The Music Box's Avenue Q: An Intimate Evening With Raunchy Puppets
The set-up: Take Sesame Street and give it a college coming of age story and an R rating and you've got the Tony Award winning musical Avenue Q, now being presented by Music Box Musicals. The musical, which stars both puppets, monster puppets and humans, was a screaming success when it originally stormed Broadway in 2003, taking home that year's Drama Desk award for Best Musical and the Tony for Best Musical the following year. It captured something that no musical had ever done before: live puppet sex.
The execution: Music Box Musicals is presenting Avenue Q in its intimate theater space on Colquitt, which, even for those that have seen the show when it toured to Houston with Broadway Across America a few years ago, is quite a different experience than seeing it in a large venue. The stage is small not giving the large cast of actors and puppets much room to move around, and what room the actors have is taken up by the backdrop of a run-down big city apartment building. To accommodate for the lack of space, director Michael J. Ross has placed much of the action to the left side of the stage, taking away some vantage points for those patrons seated on the opposite angle.
Being in such close proximity to the actors and the puppets takes away some of the façade of the production. It is like seeing a puppet show in HD - every puppet imperfection is magnified. It also gives more reason to focus on the actors' very animated expressions. Conversely, the space allows for more audience/actor interaction, which is a hoot. During "The Money Song" number, one in which the characters try and raise funds for one of the puppet's, Kate Monster, "Monstersori" school, the actors are able to walk right into the audience and panhandle, adding to the comedy and audience engagement of the production.
Marco Camacho and Allison Sumrall aptly play the main puppets, Princeton and Kate Monster, respectively. Both actors portray additional puppets as well, and the jumping between the two characters, even when they are both required in one scene, is done skillfully and without missing a beat. This double-role requirement was also a part of the original Broadway production and while there appears to be no logical reason for the main actors to have two times the effort, it works just fine.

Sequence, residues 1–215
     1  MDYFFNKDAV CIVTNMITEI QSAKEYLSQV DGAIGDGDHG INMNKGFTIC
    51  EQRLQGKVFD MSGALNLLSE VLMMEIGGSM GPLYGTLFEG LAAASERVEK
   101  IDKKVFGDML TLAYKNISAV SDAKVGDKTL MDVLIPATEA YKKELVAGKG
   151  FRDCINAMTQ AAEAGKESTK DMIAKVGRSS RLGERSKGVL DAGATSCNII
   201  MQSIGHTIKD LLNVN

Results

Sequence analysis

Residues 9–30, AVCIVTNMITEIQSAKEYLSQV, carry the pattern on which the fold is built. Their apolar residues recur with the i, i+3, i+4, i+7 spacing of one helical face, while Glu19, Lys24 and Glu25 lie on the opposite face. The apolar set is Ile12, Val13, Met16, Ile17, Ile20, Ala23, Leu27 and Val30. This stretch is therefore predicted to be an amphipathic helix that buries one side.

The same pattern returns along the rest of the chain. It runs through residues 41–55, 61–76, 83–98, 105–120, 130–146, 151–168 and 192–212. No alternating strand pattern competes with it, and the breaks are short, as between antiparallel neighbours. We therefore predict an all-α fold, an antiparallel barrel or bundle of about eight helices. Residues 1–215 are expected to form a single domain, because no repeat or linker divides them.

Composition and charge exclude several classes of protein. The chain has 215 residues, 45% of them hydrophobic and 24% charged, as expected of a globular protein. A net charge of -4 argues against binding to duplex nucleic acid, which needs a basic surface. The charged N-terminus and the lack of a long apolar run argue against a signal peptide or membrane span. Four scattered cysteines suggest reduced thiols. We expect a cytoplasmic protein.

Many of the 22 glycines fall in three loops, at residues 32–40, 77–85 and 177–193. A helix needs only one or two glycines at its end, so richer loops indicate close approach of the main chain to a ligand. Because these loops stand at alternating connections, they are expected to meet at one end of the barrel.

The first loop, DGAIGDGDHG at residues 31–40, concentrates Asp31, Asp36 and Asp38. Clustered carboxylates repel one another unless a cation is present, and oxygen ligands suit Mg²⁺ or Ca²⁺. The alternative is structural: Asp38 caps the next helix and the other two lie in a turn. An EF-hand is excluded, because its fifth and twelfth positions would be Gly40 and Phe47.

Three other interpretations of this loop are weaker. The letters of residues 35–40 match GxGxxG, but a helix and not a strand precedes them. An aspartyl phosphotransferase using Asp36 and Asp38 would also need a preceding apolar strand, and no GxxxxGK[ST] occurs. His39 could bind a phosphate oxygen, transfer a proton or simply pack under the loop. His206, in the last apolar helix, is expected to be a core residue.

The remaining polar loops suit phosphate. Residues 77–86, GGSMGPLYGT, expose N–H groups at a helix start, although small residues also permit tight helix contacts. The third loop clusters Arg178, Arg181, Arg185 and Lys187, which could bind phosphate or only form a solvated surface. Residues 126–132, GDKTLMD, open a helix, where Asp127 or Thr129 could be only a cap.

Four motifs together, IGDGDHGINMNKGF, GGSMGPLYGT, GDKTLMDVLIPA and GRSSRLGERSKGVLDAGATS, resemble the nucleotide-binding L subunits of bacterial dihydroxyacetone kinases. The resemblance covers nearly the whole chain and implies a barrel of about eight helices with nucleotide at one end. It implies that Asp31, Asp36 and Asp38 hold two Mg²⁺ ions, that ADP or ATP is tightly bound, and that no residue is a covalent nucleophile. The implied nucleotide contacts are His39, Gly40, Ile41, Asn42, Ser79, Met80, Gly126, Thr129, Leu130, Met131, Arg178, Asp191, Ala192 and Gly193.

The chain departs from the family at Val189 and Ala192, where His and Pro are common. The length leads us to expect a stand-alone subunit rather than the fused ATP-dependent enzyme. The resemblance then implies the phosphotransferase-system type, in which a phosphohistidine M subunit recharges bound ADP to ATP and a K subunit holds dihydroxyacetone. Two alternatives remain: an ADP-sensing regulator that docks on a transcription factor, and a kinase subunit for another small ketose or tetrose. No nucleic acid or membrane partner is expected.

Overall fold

The other puppets and actors keep the comedy moving along and more or less have the vocal chords to match. Eric Edward Schell and Cay Taylor handle all of the ancillary puppet roles excellently, and as the "Bad Idea Bears," who convince Preston that drinking a 12-pack of beer makes for better economical sense that not, they stole the scenes from under the main actors' puppet noses.
Veteran actress, Tamara Siler, takes on the role of building superintendent Gary Coleman (yes, Gary Coleman the child actor) with power and superb comic styling. I had forgotten that there was a character of Gary Coleman from the last time I had seen the show, and my initial thought was that given that the actor passed away in 2010, perhaps this character should have been changed. But the play is all in such good fun - there are songs about sex, racism, homosexuality and porn -- getting offended by that one aspect would be absurd.
The verdict: Avenue Q is a non-musical person's musical; the songs are funny, the puppets makes it lighthearted and easy to watch and there is a nice moral in the end. If you have never had the opportunity to see this show before, The Music Box Musicals production is as good as any, with quality acting, puppetry and singing. The nature of seeing this type of production in a small theater maybe jarring to some that find being right in the action too close for comfort, especially for those who find it awkward to watch puppets have sex. If that is the case, then just find yourself a spot in the back of the theater and enjoy a good show.
Avenue Q runs through November 23 at The Music Box Theater, 2623 Colquitt. For information call 713-522-7722 or visit themusicboxtheater.com.
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